It seems every episode of Grey’s Anatomy begins with a scenic ferry crossing. And, of course, that’s real. Seattle really does have a continuous flow of ferry traffic, taking passengers back and forth, either for work or pleasure.
Ah, the ferry system…and the word pleasure? Do not belong in the same sentence. In truth, riding the ferry is nothing short of torture. True, the ferry system does provide a means to cross a body of water, but if you find yourself needing to use it on a daily basis, as a way to get to work, then you will become a crazy person. You will begin each day with a prayer that goes something like this: “Dear God, please don’t let anything happen that will make me late for the ferry. And, too, if you could please not let anything happen on or around the ferry that could mean a delay of oh, say one or two hours, I promise to curb my swearing, curb my spending, and even curb my dog for at least the rest of this month.”
Okay, so how bad can it really be riding the ferry? Bad…Trust me on this. And here’s why…
If you don’t arrive at the ferry dock at least three minutes before sail time, you won’t be allowed to board. No matter if the ferry is only half full. YOU. WILL. NOT. BE. ALLOWED. TO. BOARD. Why? Because a while back, it was decided that in order to stay on schedule, all passengers (foot and car) must be cut off three minutes to sail time.
But let’s assume your morning is going swell. Your kids got themselves ready for school in a timely manner, your dog didn’t need an extra long walk due to the garbage he got into the night before, your neighbor didn’t ambush you in your driveway to tell you about her latest bout with kidney stones. All is really swell.
Not! Because you didn’t figure in that it’s ten degrees warmer than normal, which means an extra seventy-five cars are headed for the ferry to take advantage of the swell weather, beginning with a ferry ride! (And in my opinion, this would be a fantastic reason to ban all pleasure seekers from riding the ferry between the hours of five and nine on weekdays.)
Still, you’ve made it to the ferry and the line is moving. You’re hopeful. It’s going to be close, but your fingers are crossed and you’ve said another prayer.
It looks like you’re going to make it. They’re still boarding cars and it’s still five minutes until sail time. You haven’t been under this much stress since EVER! But you’ve got your antacids, so you should be fine.
Okay, you’re finally near the front of the ferry line. The ferry lady is smiling and waving cars on. You inch forward as the drivers ahead of you inch along. Only six more cars and you’ll be allowed to pull into the you made it, you lucky mother effer lane. Five cars, four, three…and then nothing. The inching stops. You actually throw up a little in your mouth because you know that if the ferry people don’t give the signal, you’ll be forced to wait another hour for the next ferry.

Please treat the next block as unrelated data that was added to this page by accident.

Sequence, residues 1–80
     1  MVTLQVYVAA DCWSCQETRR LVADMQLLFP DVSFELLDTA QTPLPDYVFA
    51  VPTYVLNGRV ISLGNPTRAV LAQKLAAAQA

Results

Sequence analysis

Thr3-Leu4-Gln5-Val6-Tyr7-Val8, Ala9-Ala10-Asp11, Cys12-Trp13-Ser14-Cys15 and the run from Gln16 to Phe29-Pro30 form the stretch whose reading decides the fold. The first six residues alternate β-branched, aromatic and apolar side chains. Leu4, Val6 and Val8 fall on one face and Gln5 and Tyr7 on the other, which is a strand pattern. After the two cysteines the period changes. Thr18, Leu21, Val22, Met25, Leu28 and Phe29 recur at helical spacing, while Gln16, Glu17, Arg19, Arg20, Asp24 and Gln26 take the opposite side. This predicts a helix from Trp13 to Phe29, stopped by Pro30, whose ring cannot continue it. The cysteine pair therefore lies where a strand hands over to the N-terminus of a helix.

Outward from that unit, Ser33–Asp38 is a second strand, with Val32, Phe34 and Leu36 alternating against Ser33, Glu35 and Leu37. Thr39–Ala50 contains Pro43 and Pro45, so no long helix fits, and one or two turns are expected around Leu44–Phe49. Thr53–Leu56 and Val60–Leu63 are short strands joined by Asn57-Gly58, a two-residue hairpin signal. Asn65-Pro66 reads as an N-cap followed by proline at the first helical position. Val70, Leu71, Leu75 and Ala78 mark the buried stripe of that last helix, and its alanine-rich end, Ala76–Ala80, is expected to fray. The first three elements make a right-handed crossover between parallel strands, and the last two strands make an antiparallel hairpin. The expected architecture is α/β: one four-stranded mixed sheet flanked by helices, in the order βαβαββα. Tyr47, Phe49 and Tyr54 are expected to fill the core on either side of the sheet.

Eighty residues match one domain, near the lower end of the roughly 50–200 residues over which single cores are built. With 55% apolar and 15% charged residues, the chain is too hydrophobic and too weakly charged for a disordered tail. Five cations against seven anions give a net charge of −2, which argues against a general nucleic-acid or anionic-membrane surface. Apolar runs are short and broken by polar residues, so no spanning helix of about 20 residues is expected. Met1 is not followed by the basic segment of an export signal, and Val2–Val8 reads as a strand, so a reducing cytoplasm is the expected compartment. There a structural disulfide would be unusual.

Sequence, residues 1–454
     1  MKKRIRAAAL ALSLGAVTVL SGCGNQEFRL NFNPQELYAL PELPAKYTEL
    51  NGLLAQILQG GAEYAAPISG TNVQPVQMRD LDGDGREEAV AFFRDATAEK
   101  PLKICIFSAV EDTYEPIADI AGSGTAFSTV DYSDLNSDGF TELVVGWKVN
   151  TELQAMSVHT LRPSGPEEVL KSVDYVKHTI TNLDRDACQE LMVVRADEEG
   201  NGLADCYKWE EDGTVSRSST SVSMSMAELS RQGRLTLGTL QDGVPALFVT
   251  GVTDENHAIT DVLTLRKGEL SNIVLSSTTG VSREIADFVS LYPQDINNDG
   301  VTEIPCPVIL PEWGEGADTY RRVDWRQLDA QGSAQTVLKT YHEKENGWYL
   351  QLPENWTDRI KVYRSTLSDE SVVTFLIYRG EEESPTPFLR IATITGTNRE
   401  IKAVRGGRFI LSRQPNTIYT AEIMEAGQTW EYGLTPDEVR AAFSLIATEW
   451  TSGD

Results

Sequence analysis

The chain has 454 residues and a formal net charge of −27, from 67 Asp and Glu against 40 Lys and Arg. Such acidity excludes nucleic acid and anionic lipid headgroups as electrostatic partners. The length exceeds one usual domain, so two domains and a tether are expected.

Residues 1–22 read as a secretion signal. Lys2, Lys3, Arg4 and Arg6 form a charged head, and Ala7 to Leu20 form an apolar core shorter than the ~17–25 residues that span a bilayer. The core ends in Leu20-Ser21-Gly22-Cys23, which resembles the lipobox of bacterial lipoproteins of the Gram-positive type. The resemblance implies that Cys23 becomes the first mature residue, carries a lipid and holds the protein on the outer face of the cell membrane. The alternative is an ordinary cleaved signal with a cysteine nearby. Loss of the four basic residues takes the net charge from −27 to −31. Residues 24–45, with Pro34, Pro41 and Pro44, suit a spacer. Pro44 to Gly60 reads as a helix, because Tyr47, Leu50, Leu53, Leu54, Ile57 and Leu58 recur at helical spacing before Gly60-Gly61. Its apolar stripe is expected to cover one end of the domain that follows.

You watch and wait while the ferry lady talks to someone on her walkie talkie. Your stomach clenches, the same as when you’re holding your breath while driving in the snow.
Finally, after thirty seconds that seem like thirty hours, the ferry lady waves to the car two up from you. He’s on! Again, you’re asked to stop. Again, the ferry lady talks into her walkie talkie. She glances over her shoulder at the ferry. You don’t take your eyes off her. You don’t want to miss her wave, for fear the three-minute cut-off is drawing near. The car ahead of you gets waved on. Your head feels like it might explode. Every muscle in your body is tense. More walkie talkie talk. You say one last prayer…and glance down at your antacids.
The ferry lady looks at you. What’s she going to do? What the “eff” is she going to do? you wonder. You grip your steering wheel so tight your fingers go numb. Finally, the ferry lady holds up one hand and smiles and mouths, “Sorry.”
Sorry? Effing sorry? That’s all she has to say?
You feel like you’ve been kicked. You did everything right to get to the ferry on time. Your morning was perfect…except for those “effing” pleasure seekers wanting to go do something pleasurable…like take an “effing” ferry ride.
Just one more car…why couldn’t they allow just one more car? You crane your neck to see if there might be room, like you might be able to convince them to let you board. And there it is! One tiny patch of ferry floor. Your car isn’t overly big. You could fit. You could totally fiiiiiit! Why in hell can’t the ferry people see that? Why?
Because they’ve reached the three-minute cut-off. And your car really is too big.
You want to crawl out of your car and lay on the concrete and kick and pound your hands and feet and scream like a two year old. You don’t care who sees you. You don’t caaaaare! You waited your turn. You deserve to be on that ferry.
But it isn’t until you watch the ferry sail off that you begin to truly believe they’ve left you behind. And now you must resign yourself to another hour’s wait. Did you bring a book? It helps.
And now the idea that you’ll be the first in line for the next ferry makes you smile…a little. Even so, you know that you won’t truly be happy until you never ever again have to ride another ferry.
And don’t even get me started on ferry bathrooms…